The merger of Norway's two largest operators, Statoil and Hydro, is coming closer to fruition. Today, the Statoil corporate assembly endorsed the board of directors' plan and recommendations on the merger of the two companies. Additionally, and more importantly, Norwegian Oil Minister Odd Roger Enoksen stated yesterday that he felt confident that the European Union would agree to the merger between the two companies. Dow Jones quoted Minister Enoksen as saying "The market share in European countries of the new company will not be that substantial that it should be a problem," pointing to the fact that oil and gas supplied by the combined company would provide only about 16% of European consumption.
Statoil is the largest producer on the Norwegian shelf, with 989,000 boepd produced according to company statistics for the fourth quarter of 2006. Hydro is the second largest operator in Norway with 516,000 boepd coming from its assets as of the fourth quarter of 2006. The two companies' combined Norwegian production would be just over 1.5 million boepd.
StatoilHydro to Dominate Norwegian Rig Fleet
In terms of comparing these companies, Norsk Hydro has as many mobile rigs contracted as the six other operators combined, and Statoil has 50% more than Hydro. As such, Hydro accounts for 29% of the rigs contracted in Norway. Statoil accounts for 43% of the rigs contracted in the country. When the Statoil-Hydro merger is complete, the combined company will account for 72% of the rigs working offshore Norway. This dominance in terms of offshore rig contracts is clearly illustrated in the chart below which shows how much of the Norwegian offshore rig fleet is contracted to Statoil and Nrsk Hydro compared to the other operators in the country.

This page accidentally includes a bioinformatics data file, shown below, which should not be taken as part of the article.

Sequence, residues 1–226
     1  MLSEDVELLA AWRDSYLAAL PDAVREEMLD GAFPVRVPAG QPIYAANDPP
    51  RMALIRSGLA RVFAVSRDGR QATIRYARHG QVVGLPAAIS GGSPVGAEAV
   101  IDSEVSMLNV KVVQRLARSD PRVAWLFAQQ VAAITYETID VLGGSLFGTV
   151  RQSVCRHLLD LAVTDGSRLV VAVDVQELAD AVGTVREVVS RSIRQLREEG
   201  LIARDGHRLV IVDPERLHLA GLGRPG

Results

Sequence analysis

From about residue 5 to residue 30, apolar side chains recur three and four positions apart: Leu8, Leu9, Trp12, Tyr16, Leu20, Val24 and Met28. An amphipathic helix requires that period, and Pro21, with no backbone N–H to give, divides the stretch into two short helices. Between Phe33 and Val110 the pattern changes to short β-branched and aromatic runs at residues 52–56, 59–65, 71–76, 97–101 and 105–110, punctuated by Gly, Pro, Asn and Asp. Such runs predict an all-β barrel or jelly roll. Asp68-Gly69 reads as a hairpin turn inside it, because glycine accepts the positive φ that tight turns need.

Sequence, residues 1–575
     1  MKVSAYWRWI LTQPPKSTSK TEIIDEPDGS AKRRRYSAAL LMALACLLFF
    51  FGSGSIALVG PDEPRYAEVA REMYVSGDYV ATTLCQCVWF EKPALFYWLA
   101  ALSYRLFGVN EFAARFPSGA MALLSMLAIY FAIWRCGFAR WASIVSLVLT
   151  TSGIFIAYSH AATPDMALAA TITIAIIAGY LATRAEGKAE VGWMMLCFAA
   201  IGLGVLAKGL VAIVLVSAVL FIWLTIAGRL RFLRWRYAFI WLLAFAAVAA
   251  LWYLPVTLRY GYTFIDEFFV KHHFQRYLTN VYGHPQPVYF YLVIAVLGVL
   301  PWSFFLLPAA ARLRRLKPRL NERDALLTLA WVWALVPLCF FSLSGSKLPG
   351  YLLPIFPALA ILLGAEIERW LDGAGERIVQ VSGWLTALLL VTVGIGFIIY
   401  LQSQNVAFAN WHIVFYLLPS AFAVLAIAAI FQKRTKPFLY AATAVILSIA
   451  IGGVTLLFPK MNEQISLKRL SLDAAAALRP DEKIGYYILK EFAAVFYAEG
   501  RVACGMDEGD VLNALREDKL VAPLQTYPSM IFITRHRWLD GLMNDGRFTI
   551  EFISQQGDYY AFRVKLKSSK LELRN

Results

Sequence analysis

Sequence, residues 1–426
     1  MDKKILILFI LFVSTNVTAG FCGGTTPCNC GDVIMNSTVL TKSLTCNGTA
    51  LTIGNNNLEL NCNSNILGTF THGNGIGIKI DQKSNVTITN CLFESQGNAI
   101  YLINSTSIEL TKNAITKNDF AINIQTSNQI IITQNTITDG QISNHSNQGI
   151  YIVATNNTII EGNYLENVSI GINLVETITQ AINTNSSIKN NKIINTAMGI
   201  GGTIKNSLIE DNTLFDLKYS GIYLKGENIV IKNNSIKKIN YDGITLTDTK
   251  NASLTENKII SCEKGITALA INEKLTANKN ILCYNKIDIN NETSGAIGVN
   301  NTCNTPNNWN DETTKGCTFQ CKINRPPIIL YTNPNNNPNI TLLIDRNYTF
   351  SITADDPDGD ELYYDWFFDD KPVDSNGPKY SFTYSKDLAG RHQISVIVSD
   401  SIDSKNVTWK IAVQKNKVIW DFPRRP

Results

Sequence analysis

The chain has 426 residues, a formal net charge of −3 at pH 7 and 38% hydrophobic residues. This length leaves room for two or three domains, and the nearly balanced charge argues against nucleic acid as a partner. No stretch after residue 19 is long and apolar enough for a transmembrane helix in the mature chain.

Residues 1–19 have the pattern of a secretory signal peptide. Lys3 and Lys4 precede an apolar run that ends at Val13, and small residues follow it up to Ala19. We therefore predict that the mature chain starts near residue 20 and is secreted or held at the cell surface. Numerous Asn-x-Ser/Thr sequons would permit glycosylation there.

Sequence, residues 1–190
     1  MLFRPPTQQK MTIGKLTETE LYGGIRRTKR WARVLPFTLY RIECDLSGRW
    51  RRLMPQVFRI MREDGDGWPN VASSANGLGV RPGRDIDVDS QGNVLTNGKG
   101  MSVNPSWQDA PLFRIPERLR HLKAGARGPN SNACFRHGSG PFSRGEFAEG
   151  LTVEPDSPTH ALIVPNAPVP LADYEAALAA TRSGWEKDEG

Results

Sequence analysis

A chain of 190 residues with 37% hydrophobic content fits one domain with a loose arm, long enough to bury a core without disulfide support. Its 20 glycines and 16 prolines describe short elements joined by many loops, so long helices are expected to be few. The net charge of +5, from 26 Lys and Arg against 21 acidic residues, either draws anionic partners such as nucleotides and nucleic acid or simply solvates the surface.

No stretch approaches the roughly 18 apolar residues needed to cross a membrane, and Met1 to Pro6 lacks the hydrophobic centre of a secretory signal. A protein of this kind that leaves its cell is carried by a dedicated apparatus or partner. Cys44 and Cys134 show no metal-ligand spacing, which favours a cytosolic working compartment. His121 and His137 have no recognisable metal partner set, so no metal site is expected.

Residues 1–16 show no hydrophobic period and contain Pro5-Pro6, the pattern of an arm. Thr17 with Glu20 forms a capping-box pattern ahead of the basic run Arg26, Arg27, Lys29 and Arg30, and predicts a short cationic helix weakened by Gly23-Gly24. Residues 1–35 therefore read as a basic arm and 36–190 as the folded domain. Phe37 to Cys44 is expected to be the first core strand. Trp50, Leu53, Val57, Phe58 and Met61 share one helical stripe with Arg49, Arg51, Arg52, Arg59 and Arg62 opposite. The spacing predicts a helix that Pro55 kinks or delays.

Norwegian Offshore Rig Contracts by Operator
The only aspect of offshore drilling occuring offshore Norway that is not dominated by Statoil and Hydro is the jackup market. Statoil is tied with ConocoPhilips as the leading jackup operator in the country, with two jackups each. Talisman and BP are currently each operating one jackup as well. So, of the six jackups contracted in Norway, only two (one-third) are contracted to Statoil or Hydro.
A Larger Smaller Role in the Outside World
When the merger is complete, the new StatoilHydro will have a much larger worldwide operational footprint, and be able to play a larger role in projects around the world. The company will be on much more equal footing with some of the largest non-state-owned operators such as BP, Shell, ExxonMobil and others when it comes to competing for resources in other areas outside of Norway. Plus, with a larger demand for rig time and being a largely state-owned firm, StatoilHydro should be able to negotiate more favorable rig day rates as time goes on.
For More Information on the Offshore Rig Fleet:
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